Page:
The Stock Market is unique and full of uncertainty. In real-time the markets are complex, but after the fact everything looks simple. It’s this dichotomy that tricks many into thinking that there is easy money in the stock market. But it’s not.
As an investor or a trader you can hopethat a stock to go up or down, but you can’t control it. Stock market is a collective reflection of thousands and millions of participants and no single entity has any control over it.
You are dealing with geopolitical, environmental, financial, technical, human and many other uncontrollable factors every single day. Controlling the downside (loss) is the only control you have to address numerous challenges everyday.
Why use Stop Loss?
Here are basic steps that you have control over in the stock market:
Which stock to buy?
When to buy and quantity?
When to sell?
Mostly people can answer the first questions with some confidence. It’s the “when to sell” that’s hardest in the stock market. If the stock has moved in your desired direction then selling is somewhat easy.
So, lets focus on when the stock has moved in the opposite direction and there is a loss. Many of us are reluctant to sell and close the position when there is a loss. Even if it’s is a small loss, it’s against the human nature to accept defeat.
Often times a small loss turns into a major setback – both emotionally and financially.
A stop loss strategy addresses this problem. When you buy a stock knowing how much you want to risk, you have accepted the consequences. You can place a stop loss order and take control of your stock position.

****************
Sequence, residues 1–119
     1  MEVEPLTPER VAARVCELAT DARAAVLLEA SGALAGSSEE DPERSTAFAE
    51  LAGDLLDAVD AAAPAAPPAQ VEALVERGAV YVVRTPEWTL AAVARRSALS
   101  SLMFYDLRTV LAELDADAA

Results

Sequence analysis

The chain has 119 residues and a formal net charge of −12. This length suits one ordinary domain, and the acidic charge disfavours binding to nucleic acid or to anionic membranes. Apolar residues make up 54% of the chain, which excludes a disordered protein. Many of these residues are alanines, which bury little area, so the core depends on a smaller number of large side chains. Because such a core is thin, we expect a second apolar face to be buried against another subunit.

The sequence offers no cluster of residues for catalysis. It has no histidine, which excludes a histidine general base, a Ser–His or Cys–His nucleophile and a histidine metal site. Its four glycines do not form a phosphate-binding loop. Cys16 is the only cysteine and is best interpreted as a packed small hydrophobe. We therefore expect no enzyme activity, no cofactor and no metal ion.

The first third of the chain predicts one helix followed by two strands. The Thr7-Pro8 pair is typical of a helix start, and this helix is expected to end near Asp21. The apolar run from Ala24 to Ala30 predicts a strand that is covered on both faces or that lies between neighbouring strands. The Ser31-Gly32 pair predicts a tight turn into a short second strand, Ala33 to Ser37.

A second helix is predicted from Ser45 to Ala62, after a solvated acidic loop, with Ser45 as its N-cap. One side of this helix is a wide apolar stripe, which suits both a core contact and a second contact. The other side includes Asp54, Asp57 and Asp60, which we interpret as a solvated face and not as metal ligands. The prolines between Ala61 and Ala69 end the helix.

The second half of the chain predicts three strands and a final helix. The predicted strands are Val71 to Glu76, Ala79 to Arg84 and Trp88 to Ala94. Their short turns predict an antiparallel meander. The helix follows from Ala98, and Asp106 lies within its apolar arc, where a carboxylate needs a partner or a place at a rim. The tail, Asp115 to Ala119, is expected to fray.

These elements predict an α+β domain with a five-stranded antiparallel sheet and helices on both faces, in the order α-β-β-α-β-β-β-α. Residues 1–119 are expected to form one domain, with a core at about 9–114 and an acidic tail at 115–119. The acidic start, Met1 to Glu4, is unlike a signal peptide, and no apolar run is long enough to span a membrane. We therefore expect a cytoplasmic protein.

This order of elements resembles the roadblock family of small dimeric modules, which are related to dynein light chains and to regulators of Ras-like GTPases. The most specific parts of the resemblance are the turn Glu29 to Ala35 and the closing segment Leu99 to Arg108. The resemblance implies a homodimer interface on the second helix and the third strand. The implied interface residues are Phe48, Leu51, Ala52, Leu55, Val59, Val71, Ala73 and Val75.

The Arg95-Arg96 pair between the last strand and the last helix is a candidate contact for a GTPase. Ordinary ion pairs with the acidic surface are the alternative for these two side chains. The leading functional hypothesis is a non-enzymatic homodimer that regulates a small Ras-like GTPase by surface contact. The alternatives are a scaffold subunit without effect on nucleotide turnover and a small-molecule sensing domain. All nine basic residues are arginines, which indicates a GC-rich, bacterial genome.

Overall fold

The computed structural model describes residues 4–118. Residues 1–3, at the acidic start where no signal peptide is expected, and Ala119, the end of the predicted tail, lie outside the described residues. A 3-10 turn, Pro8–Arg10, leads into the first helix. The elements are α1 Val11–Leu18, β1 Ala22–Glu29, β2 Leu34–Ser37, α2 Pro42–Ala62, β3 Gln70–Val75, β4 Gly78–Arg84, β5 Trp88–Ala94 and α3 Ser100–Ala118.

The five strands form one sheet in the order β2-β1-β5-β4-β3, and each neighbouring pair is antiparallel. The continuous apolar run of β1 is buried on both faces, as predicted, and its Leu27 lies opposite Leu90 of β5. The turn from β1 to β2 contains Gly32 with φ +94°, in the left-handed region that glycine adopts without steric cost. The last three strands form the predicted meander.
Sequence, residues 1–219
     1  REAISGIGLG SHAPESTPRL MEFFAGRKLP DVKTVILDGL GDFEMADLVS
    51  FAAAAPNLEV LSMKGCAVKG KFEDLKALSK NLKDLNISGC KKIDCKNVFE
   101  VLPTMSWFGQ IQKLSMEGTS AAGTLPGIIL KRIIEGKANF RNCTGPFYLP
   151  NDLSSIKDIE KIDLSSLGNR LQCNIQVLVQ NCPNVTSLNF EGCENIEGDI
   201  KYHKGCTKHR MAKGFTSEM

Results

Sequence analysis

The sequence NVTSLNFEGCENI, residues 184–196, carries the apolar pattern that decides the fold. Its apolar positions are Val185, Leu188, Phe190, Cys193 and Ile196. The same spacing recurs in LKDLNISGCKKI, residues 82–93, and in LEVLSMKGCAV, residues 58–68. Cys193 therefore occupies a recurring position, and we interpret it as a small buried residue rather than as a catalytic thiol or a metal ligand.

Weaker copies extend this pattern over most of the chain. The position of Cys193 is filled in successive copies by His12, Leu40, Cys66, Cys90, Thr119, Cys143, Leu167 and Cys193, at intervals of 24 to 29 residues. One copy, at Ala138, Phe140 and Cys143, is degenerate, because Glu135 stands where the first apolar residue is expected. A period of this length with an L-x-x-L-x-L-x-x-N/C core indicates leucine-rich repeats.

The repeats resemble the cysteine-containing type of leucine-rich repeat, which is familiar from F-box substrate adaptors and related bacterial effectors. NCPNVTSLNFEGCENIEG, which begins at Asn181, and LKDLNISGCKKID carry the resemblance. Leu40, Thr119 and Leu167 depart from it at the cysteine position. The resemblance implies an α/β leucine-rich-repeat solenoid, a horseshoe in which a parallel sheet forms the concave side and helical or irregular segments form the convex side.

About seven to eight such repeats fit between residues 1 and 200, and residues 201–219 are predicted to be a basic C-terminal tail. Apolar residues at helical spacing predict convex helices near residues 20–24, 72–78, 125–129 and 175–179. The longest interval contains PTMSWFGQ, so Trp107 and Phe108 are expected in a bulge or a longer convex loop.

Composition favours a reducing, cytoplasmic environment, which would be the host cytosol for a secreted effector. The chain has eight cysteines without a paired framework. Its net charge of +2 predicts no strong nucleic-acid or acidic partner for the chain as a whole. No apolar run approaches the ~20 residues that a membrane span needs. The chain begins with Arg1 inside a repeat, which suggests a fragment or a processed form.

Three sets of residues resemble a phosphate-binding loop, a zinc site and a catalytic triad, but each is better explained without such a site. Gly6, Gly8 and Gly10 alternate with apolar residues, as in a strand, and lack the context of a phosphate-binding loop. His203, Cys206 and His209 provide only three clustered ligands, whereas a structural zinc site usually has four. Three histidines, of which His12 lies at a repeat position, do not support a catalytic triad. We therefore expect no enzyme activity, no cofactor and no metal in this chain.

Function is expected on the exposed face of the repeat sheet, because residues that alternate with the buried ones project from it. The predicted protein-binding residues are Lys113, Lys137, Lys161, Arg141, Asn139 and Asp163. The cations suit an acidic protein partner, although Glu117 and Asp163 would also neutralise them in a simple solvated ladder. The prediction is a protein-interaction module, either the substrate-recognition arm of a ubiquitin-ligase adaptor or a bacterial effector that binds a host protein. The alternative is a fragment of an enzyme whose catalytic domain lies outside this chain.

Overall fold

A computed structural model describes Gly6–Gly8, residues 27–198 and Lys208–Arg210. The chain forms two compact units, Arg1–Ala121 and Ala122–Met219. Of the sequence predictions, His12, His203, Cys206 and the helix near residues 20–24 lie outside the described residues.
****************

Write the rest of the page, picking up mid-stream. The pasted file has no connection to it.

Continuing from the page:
Winners use Stop Loss.
Risk Management with Stop Loss
The deeper the losses the longer it takes recover to get back to break-even.
Let’s say you have a $100 stock and you sell it at 5% loss ($5). Now you are left with $95 capital.
If you recover just 5% on your next trade you are at an overall loss i.e. $95*5% = $99.75.
Therefore, you will need to recover 5.26% to break-even i.e. $95*5.26% = $100.
Recover to break-even
The table above highlights the effort required to break-even. To stop the situation from getting out of control, it’s important that you enter stop order as soon as the stock position is filled. Think of this stop order as an insurance to protect you in case the trade goes against you.
If your stop loss order is triggered:
You are protected from deeper losses
You now have the capital available for other trades.
Types of Stop Loss orders
A sell stop order is used to protect long positions by triggering a market sell order if price falls below a certain level. It can be used to limit the losses or to lock in profits as the price keeps moving higher.
Similarly a buy stop order is used to protect short positions. A buy stop order is triggered when the price moves higher to limit the losses. It can be used to limit losses or to lock in profits as the price keeps going lower.
A stop limit order is similar to stop order but there is an additional limit price at which the order is executed. There are two price levels specified in a stop-limit order; the stop price that will convert the order to a sell order and the limit price.
Instead of the order becoming a market order to sell, the sell order becomes a limit order that will only execute at the limit price or better.
A sell stop-limit order is used for long positions and buy stop-limit is used for short positions.
Examples of Stop Loss Charts
Charts showing how a stop loss order prevented larger losses.
Cut your losses sooner rather than later. The deeper the losses, the longer and harder it gets to recover.